00
07
E8(Hex)
03
VALUE
101
9
51
20
PAGE 24
5.4
23 JUN 2000
CH. 5: Explicit Messaging
How to Interpret Explicit Response Messages
The normal, expected response from an Explicit Message is the Acknowledge Message:
BYTE
EXAMPLE
DESCRIPTION
NUMBER
0
Number of
06
bytes received
1
00
2
MACID
01
3
*Service Code
0x90(Hex)
4
Optional Data
Xx
Optional Data
Xx
Optional Data
Xx
n
Optional Data
Xx
* Previously sent Service Code (0x10) + 0x80
Note: The Most Significant Bit in the Service Code byte is used as a Response Bit indicating that
the command was properly received. [Service Code 0x10 + Response Bit 0x80 = 0x90]. If any
extra data needs to be returned, that data will be placed into subsequent bytes.
5.5
Explicit Message Errors
In the case that an Explicit Message requests a function that can not be performed by the
addressed node, an Explicit Error Message will be returned in the Receive Buffer
An Explicit Error Message takes the following form:
Byte
Number
Description
0
1
2
3
4
5
Number of bytes
received
MACID
Service Code
General Error Code
Additional Error Code
Example
(values in
HEX)
06
00
01
94
xx
xx
Word
Offset
Value
(from
example)
%R1
0006
%R2
0x9401
%R3
xxxx
Like a "normal" response, the Service Code byte has the Most Significant Bit set as the
Response Bit. Therefore, the actual Error Code is 0x14; with the Response Bit set the received
code is 0x94. Error Code is 0x14 (0x94) has a special meaning. This indicates that the addressed
node has detected an error and the two bytes following indicate the specifics to that error. The
next byte indicates the General Error Code. See appendix C for a list of and definitions of General
Error Codes. Some General Error Codes support an Additional Error Code if appropriate to
indicate additional information.
CH. 6: Configuration
23 JUN 2000
PAGE 25
CHAPTER 6: CONFIGURATION
6.1
General
Before the DNT250 can be used, it must first be properly configured. This consists of two steps:
Module Configuration and PLC Rack Configuration.
IMPORTANT: The module configuration must occur prior to configuring the PLC rack.
6.2
DNT250 Module Configuration
Included with the DNT250 module is a diskette containing the configuration utility, DNCFG.EXE.
DNCFG.EXE is a 32 bit Windows application. It can be installed and run on most Windows 95,
Windows 98 or Windows NT based PC. DNCFG.EXE will not run under DOS or Windows 3.1.
The PC must be connected to the DNT250 via the module's integral RS-485 serial port.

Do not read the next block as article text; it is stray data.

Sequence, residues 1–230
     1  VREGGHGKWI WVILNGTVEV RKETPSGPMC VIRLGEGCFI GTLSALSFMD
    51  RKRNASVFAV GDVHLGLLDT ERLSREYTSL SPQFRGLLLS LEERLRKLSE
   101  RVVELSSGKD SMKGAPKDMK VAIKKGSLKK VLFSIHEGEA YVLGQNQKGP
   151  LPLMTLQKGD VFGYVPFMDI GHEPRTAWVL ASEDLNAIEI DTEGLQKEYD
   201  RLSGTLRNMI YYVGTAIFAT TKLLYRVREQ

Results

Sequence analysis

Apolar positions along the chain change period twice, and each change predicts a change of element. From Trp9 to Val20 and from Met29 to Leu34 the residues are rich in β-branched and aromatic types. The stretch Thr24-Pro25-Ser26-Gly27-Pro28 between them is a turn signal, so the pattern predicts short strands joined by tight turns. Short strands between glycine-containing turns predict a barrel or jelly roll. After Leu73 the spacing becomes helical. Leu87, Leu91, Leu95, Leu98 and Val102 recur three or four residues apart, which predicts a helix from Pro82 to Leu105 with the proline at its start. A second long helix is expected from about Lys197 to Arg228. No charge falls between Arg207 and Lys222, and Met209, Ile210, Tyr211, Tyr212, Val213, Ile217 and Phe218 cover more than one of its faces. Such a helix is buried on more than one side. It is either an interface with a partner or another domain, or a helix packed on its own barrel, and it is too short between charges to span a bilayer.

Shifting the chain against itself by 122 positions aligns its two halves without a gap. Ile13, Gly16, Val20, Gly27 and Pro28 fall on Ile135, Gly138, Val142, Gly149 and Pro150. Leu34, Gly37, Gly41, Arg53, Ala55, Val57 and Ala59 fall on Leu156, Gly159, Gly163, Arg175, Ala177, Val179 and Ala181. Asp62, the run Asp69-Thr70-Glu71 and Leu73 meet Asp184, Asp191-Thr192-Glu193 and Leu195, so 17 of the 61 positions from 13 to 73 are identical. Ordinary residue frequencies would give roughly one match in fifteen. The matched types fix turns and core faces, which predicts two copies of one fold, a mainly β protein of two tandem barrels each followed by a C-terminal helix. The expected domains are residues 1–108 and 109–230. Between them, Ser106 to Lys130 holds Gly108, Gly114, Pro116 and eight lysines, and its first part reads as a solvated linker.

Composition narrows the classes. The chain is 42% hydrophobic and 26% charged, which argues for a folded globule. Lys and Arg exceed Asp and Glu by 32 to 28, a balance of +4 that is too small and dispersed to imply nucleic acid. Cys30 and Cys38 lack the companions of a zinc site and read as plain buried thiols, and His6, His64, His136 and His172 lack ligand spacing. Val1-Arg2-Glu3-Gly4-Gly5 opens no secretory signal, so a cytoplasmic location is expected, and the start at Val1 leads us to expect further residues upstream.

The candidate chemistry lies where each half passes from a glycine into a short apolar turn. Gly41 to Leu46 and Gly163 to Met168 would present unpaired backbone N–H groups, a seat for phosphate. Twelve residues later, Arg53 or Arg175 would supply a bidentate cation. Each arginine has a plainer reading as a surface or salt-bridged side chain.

Module operational parameters (i.e. MACID, baud rate, Polled Production size, Polled
Consumption size and Expected Packet Rate) are configured on behalf of each node using
DNCFG.EXE. This program also allows entire network configurations to be uploaded or
downloaded to or from the DNT250, saved to or loaded from a disk, or sent to a printer for hard
copy.
Exact details of using the DNCFG.EXE configuration utility can be found in chapter XXX. Before
going there we need to discuss a number of concepts that must be understood before module
configuration can be successfully completed:
1. Does the application require the use of LIEM (explicit messaging)? This will determine which
data assembly must be used for the DNT250 itself.
2. If yes, is LIEM required to address any UCMM type nodes? This will determine if the “UCMM
Exp Enable” bit needs to be set in the rack configuration.
3. At what baud rate does the network need to run? This is needed for the DNT250 module
configuration as well as the configuration of each individual DeviceNet node. All nodes
including the DNT250 must be configured for the same baud rate.
4. Is Data Assembly information available for each DeviceNet node in the network? This can be
in the form of printed information in the manufactures manual or in the form of a EDS file
provided by the manufacture. Note that some EDS files do not provide the nodes’ polled
consumption and production sizes. This information will also be required when the PLC
Ladder Code is written.
5. Assign MACIDs (node addresses) to each DeviceNet node. The MACIDs assigned to each
node it totally arbitrary. The only thing that might have an effect here is the fact that the
DNT250 actually scans the nodes in order by MACID. Gaps can be left in the MACID
assignments to allow for future nodes to be added, if desired. DeviceNet provides for nodes
with lower MACIDs to have a higher network priority. But because of the manner in which the
DNT250 scans the network, this priority advantage does not exist. The MACID for the
DNT250 can be assigned any unused address. Every node on the network must be assigned
a unique MACID.
6. All bit type input data must be assigned to a contiguous block of PLC %I registers and all
word type input data must be assigned to a contiguous block of PLC %AI registers.